After arriving at Southwestern, Sarah Gould found some good mentors who have helped her focus her career goals.
Now, Gould is trying to offer the same opportunity to high school students.
Last fall, Gould established a new organization on campus called the Society of Young Women Leaders (SYWL). In addition to providing support to each other, group members began mentoring five young women from Georgetown High School this semester.
“I wanted to create a forum for young women to come together and learn about what it means to be a female in the professional world,” said Gould, a junior who is majoring in English with a minor in business. “I want to help women think ahead and be prepared for their futures.”
The ultimate goal of the program, Gould said, is to make sure women have a presence as leaders, both in business and the community. “There aren’t enough of us there yet,” she said.
Program participants also want to help address women’s issues such as pay equity and homelessness.
Gould worked with the Project Mentor Program sponsored by Georgetown Partners in Education to identify students who might benefit from mentoring by Southwestern students. “Our target audience is high school women who have demonstrated leadership ability, have good GPAs, and a desire to succeed,” she said.
Gould, who hopes to attend law school, said her group’s goal is to connect with young women at the beginning of their high school careers and be able to work with them for several years. “That way they can hit the ground running before they get to college,” she said.
Right now, the group is trying to identify 8th graders who would be good candidates for the program next year.
The five Southwestern women who are mentoring high school students this semester meet with them once a week at their own convenience to share experiences, advice and current information in their field of interest. The pairs were matched based on academic and career interests. In addition to Gould, Southwestern mentors include Emily Goodman, a first-year political science and math major; Jean Haire, a junior communication studies major; Rachel Nowlain, a first-year business major; and Chanea Wells, a sophomore English and feminist studies major.
“I think with each passing generation women are gaining strength in their quest for equality, and I want to do what I can to help future women realize their potential,” Haire said. “The SYWL gives me an opportunity to make a positive impact on a high school girl, and hopefully allow her to feel more empowered about her future.”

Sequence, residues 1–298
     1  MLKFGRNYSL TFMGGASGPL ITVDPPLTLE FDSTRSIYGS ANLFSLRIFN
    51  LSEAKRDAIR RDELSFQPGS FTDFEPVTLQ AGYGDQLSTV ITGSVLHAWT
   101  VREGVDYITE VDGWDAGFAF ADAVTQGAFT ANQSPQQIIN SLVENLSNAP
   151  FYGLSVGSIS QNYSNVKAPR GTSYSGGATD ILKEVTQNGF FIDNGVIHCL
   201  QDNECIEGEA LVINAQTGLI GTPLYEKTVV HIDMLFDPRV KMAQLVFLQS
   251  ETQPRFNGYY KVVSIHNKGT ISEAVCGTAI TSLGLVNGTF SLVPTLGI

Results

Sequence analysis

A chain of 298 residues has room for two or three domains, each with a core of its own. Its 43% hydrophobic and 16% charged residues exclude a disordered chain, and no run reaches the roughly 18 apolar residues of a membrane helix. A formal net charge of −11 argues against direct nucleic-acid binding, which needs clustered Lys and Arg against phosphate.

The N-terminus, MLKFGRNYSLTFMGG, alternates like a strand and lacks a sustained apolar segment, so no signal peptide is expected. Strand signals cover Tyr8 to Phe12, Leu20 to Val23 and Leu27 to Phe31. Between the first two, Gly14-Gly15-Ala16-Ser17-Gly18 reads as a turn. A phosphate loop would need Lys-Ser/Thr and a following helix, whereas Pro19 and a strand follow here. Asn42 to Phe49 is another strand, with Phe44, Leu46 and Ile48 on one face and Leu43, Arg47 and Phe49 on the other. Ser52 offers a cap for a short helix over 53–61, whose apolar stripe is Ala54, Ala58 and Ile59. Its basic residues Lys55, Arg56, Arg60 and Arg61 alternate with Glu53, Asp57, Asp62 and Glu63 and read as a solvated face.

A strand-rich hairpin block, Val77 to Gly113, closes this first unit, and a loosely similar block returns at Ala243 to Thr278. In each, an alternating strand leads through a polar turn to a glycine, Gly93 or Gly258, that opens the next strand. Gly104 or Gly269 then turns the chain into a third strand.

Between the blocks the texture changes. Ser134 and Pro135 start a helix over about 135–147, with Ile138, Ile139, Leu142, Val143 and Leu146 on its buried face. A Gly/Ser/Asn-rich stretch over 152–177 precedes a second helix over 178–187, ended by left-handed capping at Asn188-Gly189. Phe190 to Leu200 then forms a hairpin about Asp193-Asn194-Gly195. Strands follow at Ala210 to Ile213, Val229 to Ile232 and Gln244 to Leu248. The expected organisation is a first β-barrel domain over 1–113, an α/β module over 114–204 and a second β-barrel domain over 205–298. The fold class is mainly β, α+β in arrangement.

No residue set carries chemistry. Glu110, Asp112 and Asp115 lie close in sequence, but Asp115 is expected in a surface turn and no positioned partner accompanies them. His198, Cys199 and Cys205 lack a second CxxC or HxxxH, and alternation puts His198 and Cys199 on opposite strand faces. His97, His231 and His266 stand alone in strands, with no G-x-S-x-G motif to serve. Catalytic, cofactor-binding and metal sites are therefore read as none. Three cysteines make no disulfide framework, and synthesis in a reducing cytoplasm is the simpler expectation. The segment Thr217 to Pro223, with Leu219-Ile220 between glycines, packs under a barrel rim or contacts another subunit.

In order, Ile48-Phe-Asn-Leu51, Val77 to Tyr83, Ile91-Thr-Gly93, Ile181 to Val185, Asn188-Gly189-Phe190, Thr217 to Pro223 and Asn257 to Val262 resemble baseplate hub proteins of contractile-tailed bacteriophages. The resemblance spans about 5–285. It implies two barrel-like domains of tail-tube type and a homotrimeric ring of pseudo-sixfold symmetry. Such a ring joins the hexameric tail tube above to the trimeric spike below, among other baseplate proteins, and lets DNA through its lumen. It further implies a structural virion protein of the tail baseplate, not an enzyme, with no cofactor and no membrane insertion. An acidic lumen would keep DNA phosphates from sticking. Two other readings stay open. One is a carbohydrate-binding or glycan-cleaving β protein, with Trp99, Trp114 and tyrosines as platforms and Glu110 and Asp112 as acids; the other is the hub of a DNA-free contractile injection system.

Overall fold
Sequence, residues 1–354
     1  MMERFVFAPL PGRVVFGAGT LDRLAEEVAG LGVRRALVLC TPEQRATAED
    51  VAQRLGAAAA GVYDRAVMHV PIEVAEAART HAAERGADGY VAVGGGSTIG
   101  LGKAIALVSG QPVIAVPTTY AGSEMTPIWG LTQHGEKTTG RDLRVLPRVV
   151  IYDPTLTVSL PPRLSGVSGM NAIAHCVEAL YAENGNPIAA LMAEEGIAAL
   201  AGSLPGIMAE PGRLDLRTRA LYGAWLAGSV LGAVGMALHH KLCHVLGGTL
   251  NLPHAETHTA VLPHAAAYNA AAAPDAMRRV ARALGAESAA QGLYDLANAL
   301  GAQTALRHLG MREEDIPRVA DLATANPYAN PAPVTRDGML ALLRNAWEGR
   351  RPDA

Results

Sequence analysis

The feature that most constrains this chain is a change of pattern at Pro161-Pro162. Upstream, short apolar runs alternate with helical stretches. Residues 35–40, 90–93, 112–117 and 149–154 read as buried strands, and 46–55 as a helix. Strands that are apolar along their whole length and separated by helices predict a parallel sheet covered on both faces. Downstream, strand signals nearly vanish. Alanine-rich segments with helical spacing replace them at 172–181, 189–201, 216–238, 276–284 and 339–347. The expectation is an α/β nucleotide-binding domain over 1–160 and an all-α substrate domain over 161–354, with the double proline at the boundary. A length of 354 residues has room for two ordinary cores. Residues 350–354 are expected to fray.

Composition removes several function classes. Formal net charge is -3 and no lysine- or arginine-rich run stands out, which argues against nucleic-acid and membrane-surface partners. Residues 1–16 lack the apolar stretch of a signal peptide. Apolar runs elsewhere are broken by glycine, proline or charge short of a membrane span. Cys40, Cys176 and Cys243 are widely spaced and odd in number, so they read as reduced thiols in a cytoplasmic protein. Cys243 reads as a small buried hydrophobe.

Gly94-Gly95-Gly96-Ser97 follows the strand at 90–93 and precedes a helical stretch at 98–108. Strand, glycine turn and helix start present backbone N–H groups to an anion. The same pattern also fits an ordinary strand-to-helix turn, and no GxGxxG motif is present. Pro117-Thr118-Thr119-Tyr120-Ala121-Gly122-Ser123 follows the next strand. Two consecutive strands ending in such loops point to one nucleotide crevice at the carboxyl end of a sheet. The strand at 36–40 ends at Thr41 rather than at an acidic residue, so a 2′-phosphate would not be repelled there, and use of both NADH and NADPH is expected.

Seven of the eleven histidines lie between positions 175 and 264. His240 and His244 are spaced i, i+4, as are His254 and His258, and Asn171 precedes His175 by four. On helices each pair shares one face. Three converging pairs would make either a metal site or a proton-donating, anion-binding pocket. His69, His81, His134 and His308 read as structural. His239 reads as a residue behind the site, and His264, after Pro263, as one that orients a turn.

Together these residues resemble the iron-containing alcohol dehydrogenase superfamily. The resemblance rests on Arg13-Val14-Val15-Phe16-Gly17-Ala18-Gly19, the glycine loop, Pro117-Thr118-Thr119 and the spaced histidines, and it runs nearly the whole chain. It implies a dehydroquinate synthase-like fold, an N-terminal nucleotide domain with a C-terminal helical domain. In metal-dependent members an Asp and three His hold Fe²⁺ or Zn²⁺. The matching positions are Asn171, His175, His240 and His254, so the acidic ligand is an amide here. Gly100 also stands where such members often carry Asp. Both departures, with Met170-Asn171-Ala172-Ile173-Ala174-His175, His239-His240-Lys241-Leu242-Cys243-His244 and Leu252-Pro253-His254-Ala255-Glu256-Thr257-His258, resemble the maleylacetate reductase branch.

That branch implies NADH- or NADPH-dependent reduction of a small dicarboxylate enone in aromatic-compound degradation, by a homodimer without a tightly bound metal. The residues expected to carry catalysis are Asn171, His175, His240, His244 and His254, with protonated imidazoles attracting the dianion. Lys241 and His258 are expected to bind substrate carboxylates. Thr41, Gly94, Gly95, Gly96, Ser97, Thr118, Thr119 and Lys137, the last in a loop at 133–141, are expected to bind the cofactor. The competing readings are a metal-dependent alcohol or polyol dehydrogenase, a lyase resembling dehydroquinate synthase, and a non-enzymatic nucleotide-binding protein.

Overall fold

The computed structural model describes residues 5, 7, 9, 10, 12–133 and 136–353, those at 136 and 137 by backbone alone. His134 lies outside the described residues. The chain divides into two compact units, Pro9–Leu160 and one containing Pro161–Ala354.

In addition to weekly meetings with their mentors, the high school students attend the monthly SYWL meetings on campus. At these meetings, they have a chance to hear speakers talk about topics such as community service, political activism and leadership. Speakers to date have included Suzy Pukys and Jessica Hager from Southwestern’s Office of Civic Engagement; Alicia Moore, professor of education; and Helene Meyers, professor of English.
The group also is planning a service project that will involve both the high school students and the Southwestern students.
“This partnership is filling a need that no other program on our high school campus addresses,” said Laura Antoine, executive director of Georgetown Partners in Education, which runs the Project Mentor Program. “The mentoring provided by the Southwestern women leaders provides invaluable support necessary to motivate our female students who have already displayed extraordinary potential and maturity. Through the mentoring opportunities with SYWL, our students will be better prepared for their future careers by having experienced extensive opportunities in presentation preparation and public speaking, which will only continue to build their leadership skills, maturity in daily activities and excellence in academics.”